Moreover, for Personal loan seekers, this revolving balance can act as a disadvantage. It impacts your debt-to-income ratio (DTI) adversely, which in turn affects the credit score.

Revolvers that tend to accrue interest daily will have higher utilization rates and DTI ratios. The utilization rate and the percentage of the available credit you’re using are vital elements in determining a credit score.

For example, if your statement balance says Dh1,000, your credit report will indicate that you have a debt of Dh 1,000 that month. Now, if your credit card has a Dh1,000 credit limit, then the utilization rate here will be 100 per cent, even when you pay the bill in full.

So, here, to lower your utilization rate, you need to limit your purchases for the month or make payments early.

Whether you use the card and make payments as a revolver or transactor is not essential here. What you need to keep in mind is that for a better utilization rate, you must bring the total balance as low as possible and pay the remainder of the bill on time.

A higher DTI results in you paying extra money as extra interest charges in the long run (as these could impact your other loan interest rates in the future). Hence, a low DTI is vital for securing more favourable terms on a new loan or line of credit. It is also recommended you pay off all existing debts before submitting such a loan application.

The revolving habit overall imposes a high risk on your saving strategy and financial health. However, if you are revolving the balance at the time of an emergency, then carrying a balance for several months on a credit card is a better option to other even more expensive financing methods.

Even for other mindful larger purchases made with a credit card that is backed with a good plan to pay off the debt, it can be a wise decision. Remember, credit card companies will always prefer having revolvers because interest charged equals higher income for them. But, if you are looking for a robust financial situation, aim to be a transactor and always pay your credit card balance in full each month.

 

Good Credit Score Means Good Financial Health – Understanding How Credit Score Works can Help You Save Thousands of Dirhams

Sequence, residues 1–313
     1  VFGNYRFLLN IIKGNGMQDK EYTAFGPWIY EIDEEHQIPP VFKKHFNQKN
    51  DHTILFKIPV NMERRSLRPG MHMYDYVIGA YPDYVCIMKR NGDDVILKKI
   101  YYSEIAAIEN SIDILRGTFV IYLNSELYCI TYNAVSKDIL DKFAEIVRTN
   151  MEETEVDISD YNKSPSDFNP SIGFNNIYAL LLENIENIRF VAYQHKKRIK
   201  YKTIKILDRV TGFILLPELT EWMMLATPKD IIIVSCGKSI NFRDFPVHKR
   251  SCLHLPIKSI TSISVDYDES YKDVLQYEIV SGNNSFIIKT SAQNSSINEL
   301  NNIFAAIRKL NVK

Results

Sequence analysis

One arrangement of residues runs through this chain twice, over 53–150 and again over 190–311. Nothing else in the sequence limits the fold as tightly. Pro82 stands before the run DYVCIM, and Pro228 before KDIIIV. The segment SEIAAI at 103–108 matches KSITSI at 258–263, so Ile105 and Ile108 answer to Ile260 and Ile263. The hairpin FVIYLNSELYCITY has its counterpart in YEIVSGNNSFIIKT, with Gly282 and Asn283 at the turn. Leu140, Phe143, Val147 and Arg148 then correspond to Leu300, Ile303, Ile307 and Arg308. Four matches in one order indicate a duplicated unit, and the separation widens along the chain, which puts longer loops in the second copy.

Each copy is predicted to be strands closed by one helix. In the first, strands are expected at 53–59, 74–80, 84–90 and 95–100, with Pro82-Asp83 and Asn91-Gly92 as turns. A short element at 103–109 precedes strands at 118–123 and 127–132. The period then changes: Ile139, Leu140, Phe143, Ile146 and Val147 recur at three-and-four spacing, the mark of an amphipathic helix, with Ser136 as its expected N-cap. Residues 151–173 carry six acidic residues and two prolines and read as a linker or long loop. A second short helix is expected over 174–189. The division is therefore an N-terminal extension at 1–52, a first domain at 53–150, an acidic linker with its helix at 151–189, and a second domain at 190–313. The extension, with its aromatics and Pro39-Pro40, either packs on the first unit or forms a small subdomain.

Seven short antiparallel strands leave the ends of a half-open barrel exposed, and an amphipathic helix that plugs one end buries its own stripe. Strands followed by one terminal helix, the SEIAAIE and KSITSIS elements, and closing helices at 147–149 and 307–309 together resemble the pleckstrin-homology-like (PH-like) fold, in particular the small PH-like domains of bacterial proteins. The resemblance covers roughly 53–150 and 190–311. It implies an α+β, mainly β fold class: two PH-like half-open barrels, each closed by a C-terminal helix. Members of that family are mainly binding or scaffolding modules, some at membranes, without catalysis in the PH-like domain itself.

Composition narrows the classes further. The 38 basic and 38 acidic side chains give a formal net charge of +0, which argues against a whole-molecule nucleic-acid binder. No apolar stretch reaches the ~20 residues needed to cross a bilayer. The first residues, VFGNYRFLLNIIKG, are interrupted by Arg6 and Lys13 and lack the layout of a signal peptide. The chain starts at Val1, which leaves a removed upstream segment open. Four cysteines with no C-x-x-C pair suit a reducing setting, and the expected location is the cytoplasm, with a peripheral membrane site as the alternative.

Credit reports and scores are essential to financial health of any economy. Its primary use is to help financial institutions use the information provided in the report to assess the credit standing of an individual prior to issuing individuals any credit products (credit cards, personal loans and so on).

Al Etihad Credit Bureau is the entity which provides credit reports to consumers and financial institutions in the UAE.

As an individual it is beneficial to have a good credit score as this will not only ensure that your chances of getting a credit card or loan (personal loan, auto loan, home loan) etc. are increased but, almost more importantly can help you save money as banks frequently give better terms (lower interest rates, higher loan amounts etc.) to individuals with better credit scores.

In this article we will help you better understand credit reports.

Components of a Credit Report

Financial Liabilities – Financial institutions are required to provide details of credit facilities such as credit cards, personal loans, mortgage loans etc., to the UAE Credit Bureau. Details such as assigned credit limits, utilized limits on credit cards, payments made, delayed payments, returned/bounced checks, loan amounts issued, outstanding balances, age of the loan/credit card, active status, police case history and so on are some of the key data points shared. In addition, the below details are also shared with the credit bureau:

Employment Details: Employer Name, Income, Date of Employment are a few details pertaining to employment

Addresses: Residence address, emirate, contact details including mobile numbers and email ids.

Personal Identification – Emirates Id number, Passport Number, Date of Birth etc.,